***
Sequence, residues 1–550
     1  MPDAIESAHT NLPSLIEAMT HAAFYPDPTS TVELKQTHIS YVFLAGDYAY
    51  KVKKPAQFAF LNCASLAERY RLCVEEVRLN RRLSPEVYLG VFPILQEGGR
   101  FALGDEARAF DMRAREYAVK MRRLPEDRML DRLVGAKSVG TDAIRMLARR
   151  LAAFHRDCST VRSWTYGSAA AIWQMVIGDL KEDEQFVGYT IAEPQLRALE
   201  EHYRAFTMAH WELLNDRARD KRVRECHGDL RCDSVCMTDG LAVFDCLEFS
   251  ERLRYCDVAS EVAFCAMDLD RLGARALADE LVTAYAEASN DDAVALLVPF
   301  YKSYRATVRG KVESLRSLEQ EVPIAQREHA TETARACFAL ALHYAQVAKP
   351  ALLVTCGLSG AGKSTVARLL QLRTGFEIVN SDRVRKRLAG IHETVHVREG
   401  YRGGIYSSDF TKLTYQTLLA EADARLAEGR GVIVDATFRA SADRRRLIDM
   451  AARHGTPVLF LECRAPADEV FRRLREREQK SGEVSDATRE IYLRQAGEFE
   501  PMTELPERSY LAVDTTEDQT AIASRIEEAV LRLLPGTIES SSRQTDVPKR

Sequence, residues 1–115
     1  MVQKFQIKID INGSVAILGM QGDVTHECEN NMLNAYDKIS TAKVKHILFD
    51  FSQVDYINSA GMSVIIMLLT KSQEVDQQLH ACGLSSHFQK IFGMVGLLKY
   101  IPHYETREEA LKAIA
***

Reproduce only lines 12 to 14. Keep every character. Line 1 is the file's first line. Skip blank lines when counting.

   501  PMTELPERSY LAVDTTEDQT AIASRIEEAV LRLLPGTIES SSRQTDVPKR

Sequence, residues 1–115
     1  MVQKFQIKID INGSVAILGM QGDVTHECEN NMLNAYDKIS TAKVKHILFD